Ball State junior paves the way for student shuttle to local farmers market
By Sabrina Schnetzer
Early this Saturday morning, farmers wake up to bring their produce to sell at the farmer’s market. This time they are more energized to set up because they expect more customers. This time, there will be college students, not just hungry for food, but for answers.
Thanks to one person: Kyleigh Snavely.
In her sophomore year, she ran for Ball State’s Student Government Association on a platform to increase students’ access to healthy, local food, and the next August, the university began running a shuttle to the weekly Farmers Market at Minnetrista.
“As a senator, I asked students what they wanted changed on campus, and most said they want healthier food options,” said the junior dietetics major, who secured funding from SGA and Welcome Week to fund the shuttle. “The goal of the farmer’s market campaign is to eventually have a regular market on campus,” said Snavely, who regularly attends the Farmers Market at Minnetrista. “To do that, we need to have students interested in the farmer’s markets we already, so those vendors would be more apt to come to campus.”
There were about 70 students who rode the first shuttle during Welcome Week. Kyleigh estimates that 150 students were at the Farmers Market at Minnetrista that day. She noticed many student cars and saw students walking over to the farmers market.
“I love seeing others so curious and passionate about nutrition, supporting farmers, and getting out into the community where they live and learn,” said Snavely, who makes her own nutritious snacks. “To see students take a change and step outside their comfort zone is indescribable to me and encouraging to the Muncie community.”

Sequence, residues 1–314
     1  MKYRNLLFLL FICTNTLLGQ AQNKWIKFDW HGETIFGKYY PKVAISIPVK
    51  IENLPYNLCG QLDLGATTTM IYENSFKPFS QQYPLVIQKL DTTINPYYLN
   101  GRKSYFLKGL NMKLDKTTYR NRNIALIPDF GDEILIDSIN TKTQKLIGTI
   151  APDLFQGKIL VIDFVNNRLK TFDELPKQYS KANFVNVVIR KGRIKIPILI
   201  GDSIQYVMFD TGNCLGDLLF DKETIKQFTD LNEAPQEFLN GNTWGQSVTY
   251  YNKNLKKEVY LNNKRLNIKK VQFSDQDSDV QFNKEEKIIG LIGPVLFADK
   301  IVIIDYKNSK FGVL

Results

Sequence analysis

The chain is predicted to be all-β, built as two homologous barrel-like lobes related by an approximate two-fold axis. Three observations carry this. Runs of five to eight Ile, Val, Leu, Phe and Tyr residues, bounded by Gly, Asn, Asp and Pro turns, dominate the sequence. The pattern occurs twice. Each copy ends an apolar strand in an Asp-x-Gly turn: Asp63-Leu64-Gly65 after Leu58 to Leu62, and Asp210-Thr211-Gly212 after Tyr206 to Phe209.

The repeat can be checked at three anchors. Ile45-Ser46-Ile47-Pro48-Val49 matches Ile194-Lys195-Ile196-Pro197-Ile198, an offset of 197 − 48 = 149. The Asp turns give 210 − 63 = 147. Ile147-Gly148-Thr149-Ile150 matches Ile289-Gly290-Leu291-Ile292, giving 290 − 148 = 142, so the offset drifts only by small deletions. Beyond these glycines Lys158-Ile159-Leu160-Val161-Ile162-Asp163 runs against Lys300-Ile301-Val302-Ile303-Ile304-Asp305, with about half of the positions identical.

“The market director and vendors said they’d never seen so many students, and they loved it, not only because of an increase in sales, but because the students were asking questions about farming and organic options, for instance,” said Snavely, who grew up going to farmer’s markets in Bloomington, Illinois. “The vendors aren’t just there to sell their goods. They want to educate people about eating local and dispel myths.”
Before the SGA shuttle, most students were unaware that there was a farmer’s market in Muncie on Saturday mornings. Some students are worried about the price of foods and assume that food sold at markets is overpriced, however, that is not true.
“Vendors at the market have to produce 51 percent of their product, and they take pride in that,” she said. “But beyond what they sell, the market also inspires community. It’s fun to see students get out into the community and sometimes talk with people they might not interact with otherwise.”
She was on the last bus ride from Minnetrista to campus during Welcome Week. It was so packed that Kyleigh had to stand up on the bus. She asked students on the bus how they felt about the farmer’s market.
“I asked them ‘how did you like it?’ and everyone said that they loved it and wanted to go back every week,” she said. “This is why I do it because students don’t know that there’s such amazing things out there unless we say something.”
Although there are currently no more shuttles scheduled for the semester, Kyleigh is hoping that different student organizations will pair with SGA to fund future shuttles.
“I hope to pass this [project] onto someone who is passionate about [farmers markets] and can figure out the obstacles with the university,” said Kyleigh.
Quick Vegan Chili
- 1 extra large onion, diced small
- 2 carrots, diced small
- 2 celery, diced
- 1 red or yellow bell pepper, diced
- 1 zucchini or summer squash, diced
- 8 fat cloves of garlic, rough chopped
- 2 tablespoons chili powder
- 1 tablespoon cumin
- ¼ teaspoon chipotle powder (or 1 teaspoon paprika)
- 2 teaspoons dried oregano
- ½ teaspoon kosher salt, divided
- ⅛ teaspoon cinnamon (optional)
- 2 cans diced tomatoes, with juices
- 3 cans beans – any assortment, drained and rinsed
- ¼ cup water
- 1-3 teaspoons soy sauce
- 2 teaspoons dark cocao powder, or one square of dark chocolate (optional, but good!)
Place diced onions, carrots, celery, and tablespoon of olive oil in a large pot on medium heat. Stir occasionally.
Add to the pot the diced bell pepper, zucchini, and garlic. Also add to the pot ½ teaspoon salt. Stir occasionally. Cook until onions are translucent, about 15 minutes.
When the veggies are tender, add the spices: chili powder, cumin, oregano, chipotle powder/paprika, and cinnamon. Let simmer 1-2 minutes. Add the tomatoes, water and beans. Cover with a lid and simmer on low heat for 15 minutes.
Stir in soy sauce and chocolate. Enjoy!